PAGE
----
Author Topic: The Cow family  (Read 3139 times)

Jugggler

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The Cow family
« on: April 18, 2010, 05:23:00 PM »
I have always been fascinated with the Cow Hitch. Whenever I pick up a piece of rope, my fingers idly form one. It?s not much of a knot it its basic form, but I figured that something that was so easy and fun to tie and untie must have possibilities. Over the years, I've come up with a family of knots based on this lowly hitch. With apologies to the bowline purists, perhaps the cow hitch is the only knot you'll ever need.    ;)

Running Cow
Form a cow hitch near the end of a rope by making a bight, folding it over upon itself, and pulling together the two resulting loops. Form a bight in the standing part and insert it through the two loops. Pull the working end alternately with the non-running part of the loop to tighten. The result is a remarkably useful and stable knot I call the Running Cow.

Staked Cow
Form a Running Cow and wrap the loop around a post. Take the standing part and run it all the way through the loop. The result is a stable hitch I call the Staked Cow.

Exploding Cow (my favorite)
Tie a Running Cow in the end of two ropes that are to be joined, taking care to leave a longer working end (six inches or so) on one of them. Take the tip of the loop of the rope that has the longer working end and insert it into the other loop. Pull the standing part of the second rope to trap the loop. Now take the long working end and form a bight. Insert the bight into the remaining loop and pull the standing part to tighten and trap the bight. Pull on the two standing parts to tighten. The result is a bend that joins the two ropes securely. The harder you pull, the tighter it gets. I call it the Exploding Cow bend because when you're ready to untie the bend, you pull the end of the trapped bight and the two ropes easily disengage. As a finishing touch, pull on the standing part and working end of each rope and all the knots disappear, leaving you with two ropes in their original state.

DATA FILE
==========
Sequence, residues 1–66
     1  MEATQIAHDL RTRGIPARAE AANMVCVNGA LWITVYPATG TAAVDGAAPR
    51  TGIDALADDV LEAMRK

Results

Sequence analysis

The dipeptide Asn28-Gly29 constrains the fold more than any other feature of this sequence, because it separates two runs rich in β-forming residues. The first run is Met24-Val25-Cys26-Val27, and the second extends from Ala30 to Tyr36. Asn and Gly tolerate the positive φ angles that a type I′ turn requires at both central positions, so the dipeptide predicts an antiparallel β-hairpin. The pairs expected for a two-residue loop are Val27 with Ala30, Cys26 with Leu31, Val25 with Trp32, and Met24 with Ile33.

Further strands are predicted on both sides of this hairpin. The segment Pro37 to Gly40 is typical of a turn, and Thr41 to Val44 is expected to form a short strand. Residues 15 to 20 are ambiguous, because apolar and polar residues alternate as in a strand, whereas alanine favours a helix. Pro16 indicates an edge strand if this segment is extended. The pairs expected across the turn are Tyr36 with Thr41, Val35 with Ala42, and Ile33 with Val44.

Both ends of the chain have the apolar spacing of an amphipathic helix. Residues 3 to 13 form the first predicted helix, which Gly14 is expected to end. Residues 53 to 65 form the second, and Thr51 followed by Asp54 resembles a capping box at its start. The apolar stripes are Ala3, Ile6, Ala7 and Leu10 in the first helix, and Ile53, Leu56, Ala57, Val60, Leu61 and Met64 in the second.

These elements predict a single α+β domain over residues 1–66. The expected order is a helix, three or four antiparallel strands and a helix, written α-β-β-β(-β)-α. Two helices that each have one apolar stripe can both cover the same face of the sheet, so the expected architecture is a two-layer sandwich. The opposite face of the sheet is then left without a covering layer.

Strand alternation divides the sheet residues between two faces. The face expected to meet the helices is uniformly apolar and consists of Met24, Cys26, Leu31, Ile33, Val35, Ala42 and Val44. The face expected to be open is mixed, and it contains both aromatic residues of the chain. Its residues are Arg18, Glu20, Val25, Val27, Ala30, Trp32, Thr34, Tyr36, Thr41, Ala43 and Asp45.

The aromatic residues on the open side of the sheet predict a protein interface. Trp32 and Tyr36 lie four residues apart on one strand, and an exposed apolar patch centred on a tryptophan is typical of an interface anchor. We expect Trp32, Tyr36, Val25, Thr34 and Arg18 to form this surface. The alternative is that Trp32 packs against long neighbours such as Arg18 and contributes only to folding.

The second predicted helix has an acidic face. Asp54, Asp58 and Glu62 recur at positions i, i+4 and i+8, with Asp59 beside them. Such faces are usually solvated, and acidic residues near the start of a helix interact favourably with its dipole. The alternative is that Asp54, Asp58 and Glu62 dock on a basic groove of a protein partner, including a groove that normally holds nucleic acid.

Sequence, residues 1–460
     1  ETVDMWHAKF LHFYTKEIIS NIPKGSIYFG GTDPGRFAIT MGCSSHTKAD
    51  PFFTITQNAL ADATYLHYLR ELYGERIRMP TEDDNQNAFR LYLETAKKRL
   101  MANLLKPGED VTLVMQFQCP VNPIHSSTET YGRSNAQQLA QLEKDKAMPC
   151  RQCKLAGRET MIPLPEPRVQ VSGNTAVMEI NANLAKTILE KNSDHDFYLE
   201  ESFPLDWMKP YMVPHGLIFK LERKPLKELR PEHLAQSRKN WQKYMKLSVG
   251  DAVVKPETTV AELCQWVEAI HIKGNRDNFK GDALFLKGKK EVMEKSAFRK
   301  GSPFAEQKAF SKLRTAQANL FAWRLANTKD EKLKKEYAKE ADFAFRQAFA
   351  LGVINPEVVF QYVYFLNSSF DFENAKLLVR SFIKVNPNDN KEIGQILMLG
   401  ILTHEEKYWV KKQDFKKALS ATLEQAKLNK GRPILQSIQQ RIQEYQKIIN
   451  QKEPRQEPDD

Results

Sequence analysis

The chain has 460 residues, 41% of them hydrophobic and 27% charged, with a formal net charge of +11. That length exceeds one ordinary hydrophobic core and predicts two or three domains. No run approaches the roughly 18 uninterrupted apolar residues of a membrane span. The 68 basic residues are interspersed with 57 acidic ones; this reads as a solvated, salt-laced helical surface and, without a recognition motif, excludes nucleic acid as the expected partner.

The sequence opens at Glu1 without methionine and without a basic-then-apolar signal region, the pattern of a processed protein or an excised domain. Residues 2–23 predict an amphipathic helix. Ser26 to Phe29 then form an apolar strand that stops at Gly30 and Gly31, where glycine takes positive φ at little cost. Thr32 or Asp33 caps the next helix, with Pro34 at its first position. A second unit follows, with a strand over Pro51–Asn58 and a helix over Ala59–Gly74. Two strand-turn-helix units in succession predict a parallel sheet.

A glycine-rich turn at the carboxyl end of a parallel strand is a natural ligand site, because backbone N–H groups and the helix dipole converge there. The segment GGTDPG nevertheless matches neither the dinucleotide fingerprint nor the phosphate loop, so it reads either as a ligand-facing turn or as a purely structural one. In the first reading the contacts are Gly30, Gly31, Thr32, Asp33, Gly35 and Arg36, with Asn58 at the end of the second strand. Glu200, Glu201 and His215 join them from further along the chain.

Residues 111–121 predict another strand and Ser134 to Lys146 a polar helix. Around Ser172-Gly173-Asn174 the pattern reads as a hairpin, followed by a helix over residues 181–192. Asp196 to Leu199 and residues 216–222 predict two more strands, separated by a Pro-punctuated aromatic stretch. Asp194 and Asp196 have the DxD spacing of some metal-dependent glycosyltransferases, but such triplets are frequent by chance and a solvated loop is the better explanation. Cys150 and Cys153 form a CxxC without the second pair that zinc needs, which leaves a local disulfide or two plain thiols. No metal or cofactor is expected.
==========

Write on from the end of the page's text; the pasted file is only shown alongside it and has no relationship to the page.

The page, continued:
SpitfireTriple

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Re: The Cow family
« Reply #1 on: April 19, 2010, 10:20:47 AM »
Interesting creations.  Do we know if they are new?  (I still haven't bought ABOK)  Any chance of a photo or two?
« Last Edit: April 19, 2010, 10:21:27 AM by SpitfireTriple »

Jugggler

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Re: The Cow family
« Reply #2 on: April 19, 2010, 03:04:08 PM »
Attached are images of the Running Cow and the Exploding Cow bend.

Jonathan

SpitfireTriple

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Re: The Cow family
« Reply #3 on: April 20, 2010, 02:32:19 PM »
Running Cow: I find this a very free-flowing sliding loop, handy for those times you want a .... very free-flowing sliding loop.  But I found the knot difficult and time-consuming to dress.   This in itself might put me off the knot.   It does though (as you later point out) have the quality (not that I can think of an immediate use for it off the top of my head) that if you remove the item the loop is tied around, the knot pulls away to nothing.  I note that the Running Cow can distort/ be manipulated into a pair of overhand knots of opposite handedness, with the working end running back through their two "holes".  Just because it's topographically equivalent though doesn't make it the same knot.  Edit: Further play reveals that, without the distortion/manipulation, it could be described as an Overhand knot loop with a half-hitch (?!).  But just because an alternative name can be suggested for it, by breaking it down into what are arguably its constituent parts, does not in itself mean that it is not a valid new knot.

Staked Cow: When I tried to follow the instructions as I understood them, I got a bulky loop knot which, as soon as I applied load to the standing part, flipped into a simple Running Cow.  Am I doing something wrong?  Edit: Yes I am/was:  I was (doh!) putting the loop over the stake rather than wrapping it around the stake.  Now that I see that, I can make the Staked Cow in two forms:   One with the original Running Cow knot "above" the point where the loop wraps around itself (hmm, Cow within a Staked Cow?), one with it "below".  Not sure of the relative merits of these forms, not sure whether one could collapse into the other.